This is not the first time Almac have collaborated with Bath University. Indeed, Tom Moody of Almac has been strongly involved with Simon Lewis’ research group in the Dept. of Chemistry for several years. More specifically, they were involved with Julia Griffin’s PhD (a recent graduate of the DTC), and her work on microbial oxidation for chiral synthetic intermediates. I was fortunate enough to meet Tom at last years’ CSCT summer showcase, which sparked this secondary collaboration.

Whereas Almac’s expertise isn’t so much in biofuels, they do have plenty of experience of taking microbial cultures from shake flasks and putting them into fermenters, all the way from two litres up to 100 litres.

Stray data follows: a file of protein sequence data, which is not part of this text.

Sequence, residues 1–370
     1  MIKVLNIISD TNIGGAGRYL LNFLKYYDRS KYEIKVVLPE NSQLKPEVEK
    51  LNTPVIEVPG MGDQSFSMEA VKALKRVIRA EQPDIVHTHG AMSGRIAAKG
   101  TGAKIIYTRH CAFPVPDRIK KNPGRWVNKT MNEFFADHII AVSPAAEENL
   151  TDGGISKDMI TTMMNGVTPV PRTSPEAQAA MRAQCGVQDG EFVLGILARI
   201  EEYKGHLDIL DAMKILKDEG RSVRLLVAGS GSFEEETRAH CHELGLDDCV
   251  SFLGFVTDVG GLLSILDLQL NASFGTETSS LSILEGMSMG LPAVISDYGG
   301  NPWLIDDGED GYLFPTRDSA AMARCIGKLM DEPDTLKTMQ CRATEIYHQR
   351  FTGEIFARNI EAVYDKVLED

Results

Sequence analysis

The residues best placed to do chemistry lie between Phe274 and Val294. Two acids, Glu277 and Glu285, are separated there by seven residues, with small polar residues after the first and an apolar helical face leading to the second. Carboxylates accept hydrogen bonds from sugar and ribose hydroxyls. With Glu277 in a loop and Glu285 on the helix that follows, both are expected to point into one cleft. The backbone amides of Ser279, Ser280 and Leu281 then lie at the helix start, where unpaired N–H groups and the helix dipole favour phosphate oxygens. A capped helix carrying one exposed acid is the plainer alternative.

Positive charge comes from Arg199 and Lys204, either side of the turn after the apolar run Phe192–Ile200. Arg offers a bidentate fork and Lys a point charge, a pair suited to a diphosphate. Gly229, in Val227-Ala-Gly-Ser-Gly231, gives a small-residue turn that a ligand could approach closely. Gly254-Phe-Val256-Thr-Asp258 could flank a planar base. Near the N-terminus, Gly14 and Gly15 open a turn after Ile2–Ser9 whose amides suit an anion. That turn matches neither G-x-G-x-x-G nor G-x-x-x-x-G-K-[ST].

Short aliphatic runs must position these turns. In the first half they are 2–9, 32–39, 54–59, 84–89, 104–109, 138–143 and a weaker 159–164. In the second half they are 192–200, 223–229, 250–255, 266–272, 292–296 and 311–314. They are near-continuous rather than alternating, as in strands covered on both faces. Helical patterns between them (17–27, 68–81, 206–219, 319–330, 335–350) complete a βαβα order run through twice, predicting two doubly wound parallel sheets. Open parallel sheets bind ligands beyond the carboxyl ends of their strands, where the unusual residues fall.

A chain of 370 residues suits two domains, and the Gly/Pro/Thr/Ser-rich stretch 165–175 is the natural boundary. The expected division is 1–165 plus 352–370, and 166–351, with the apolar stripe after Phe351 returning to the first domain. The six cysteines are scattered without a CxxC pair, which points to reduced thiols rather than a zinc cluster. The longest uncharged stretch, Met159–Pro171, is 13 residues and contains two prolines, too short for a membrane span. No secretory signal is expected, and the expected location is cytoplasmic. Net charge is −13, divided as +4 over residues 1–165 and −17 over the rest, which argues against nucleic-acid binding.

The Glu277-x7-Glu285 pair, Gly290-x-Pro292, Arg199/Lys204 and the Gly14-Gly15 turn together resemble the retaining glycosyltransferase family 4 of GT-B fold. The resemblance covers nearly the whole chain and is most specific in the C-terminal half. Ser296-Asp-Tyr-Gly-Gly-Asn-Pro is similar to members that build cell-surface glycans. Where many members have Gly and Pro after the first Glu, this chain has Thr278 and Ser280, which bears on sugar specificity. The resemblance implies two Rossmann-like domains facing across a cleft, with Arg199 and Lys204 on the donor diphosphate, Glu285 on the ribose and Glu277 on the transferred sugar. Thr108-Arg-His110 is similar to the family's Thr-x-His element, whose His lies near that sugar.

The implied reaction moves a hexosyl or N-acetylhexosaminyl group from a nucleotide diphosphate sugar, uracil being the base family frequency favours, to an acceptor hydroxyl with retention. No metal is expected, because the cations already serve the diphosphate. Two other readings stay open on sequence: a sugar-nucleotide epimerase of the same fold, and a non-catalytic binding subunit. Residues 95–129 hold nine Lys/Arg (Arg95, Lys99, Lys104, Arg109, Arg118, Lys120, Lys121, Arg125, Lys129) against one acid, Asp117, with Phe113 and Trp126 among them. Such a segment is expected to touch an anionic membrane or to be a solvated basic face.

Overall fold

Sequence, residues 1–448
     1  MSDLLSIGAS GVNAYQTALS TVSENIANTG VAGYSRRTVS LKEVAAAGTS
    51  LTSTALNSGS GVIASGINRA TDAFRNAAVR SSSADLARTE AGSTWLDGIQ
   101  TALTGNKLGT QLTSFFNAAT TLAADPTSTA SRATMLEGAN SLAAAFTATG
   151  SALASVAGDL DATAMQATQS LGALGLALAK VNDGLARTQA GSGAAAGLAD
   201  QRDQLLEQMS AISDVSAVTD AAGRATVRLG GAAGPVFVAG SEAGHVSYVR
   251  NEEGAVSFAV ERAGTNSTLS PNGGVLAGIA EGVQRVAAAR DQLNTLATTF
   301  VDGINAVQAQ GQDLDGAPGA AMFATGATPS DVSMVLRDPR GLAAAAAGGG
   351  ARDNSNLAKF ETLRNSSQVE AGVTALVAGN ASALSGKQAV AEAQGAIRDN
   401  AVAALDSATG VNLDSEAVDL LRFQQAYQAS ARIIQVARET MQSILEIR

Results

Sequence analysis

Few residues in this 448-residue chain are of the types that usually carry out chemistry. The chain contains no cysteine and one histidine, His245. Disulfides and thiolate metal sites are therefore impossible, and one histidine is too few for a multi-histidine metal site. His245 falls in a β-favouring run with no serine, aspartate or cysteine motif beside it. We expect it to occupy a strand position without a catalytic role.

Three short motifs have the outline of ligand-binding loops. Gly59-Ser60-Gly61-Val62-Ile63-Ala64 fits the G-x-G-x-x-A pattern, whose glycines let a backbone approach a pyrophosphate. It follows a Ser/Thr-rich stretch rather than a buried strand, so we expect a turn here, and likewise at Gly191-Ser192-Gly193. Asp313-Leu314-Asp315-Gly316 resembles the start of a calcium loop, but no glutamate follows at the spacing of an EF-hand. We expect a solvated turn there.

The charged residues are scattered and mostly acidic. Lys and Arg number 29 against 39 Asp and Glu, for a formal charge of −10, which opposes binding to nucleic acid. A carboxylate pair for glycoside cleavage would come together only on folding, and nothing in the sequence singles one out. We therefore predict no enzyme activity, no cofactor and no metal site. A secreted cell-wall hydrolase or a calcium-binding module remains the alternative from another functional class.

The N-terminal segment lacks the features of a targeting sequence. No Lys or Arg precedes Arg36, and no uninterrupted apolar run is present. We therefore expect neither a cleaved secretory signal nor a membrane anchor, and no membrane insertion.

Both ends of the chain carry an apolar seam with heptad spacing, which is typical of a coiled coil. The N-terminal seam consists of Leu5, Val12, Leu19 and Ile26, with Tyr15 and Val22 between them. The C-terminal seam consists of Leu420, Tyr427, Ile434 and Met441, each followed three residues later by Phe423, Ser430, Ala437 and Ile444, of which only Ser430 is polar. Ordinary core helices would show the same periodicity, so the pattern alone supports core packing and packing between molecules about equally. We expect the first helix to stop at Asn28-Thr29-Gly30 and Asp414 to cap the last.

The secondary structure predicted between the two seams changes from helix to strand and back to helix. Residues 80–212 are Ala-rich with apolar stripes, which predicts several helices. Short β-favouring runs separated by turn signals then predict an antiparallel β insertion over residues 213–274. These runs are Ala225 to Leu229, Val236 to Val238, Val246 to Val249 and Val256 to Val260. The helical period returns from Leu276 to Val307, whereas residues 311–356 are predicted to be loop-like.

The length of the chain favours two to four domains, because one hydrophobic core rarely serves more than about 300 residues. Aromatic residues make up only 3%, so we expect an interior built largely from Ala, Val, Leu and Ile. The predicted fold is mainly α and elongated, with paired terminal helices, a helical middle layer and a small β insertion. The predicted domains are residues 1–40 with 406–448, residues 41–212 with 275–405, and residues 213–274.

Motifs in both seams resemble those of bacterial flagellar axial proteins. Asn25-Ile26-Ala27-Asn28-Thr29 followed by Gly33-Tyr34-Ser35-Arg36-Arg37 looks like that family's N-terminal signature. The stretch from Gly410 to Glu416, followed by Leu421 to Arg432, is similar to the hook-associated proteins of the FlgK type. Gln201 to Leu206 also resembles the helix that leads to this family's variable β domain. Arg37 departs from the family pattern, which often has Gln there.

As you may have seen, I recently published a paper which looked into tailoring the lipid profile of R. glutinis by changing temperature and well as the concentrations of carbon and nitrogen. These were all undertaken as 100 ml growth studies. At Almac, I took the most favourable of these conditions and attempted to replicate them in their fermenters, whilst adding in some other variables.

One of the variables I changed in the fermenters was growing the yeast with and without ultrasonic treatment. It has been suggested that when applied at a low level, ultrasound can increase product production, so I gave it a go with my yeast. And was it successful? I’m afraid you’ll have to wait for the publication to find that out!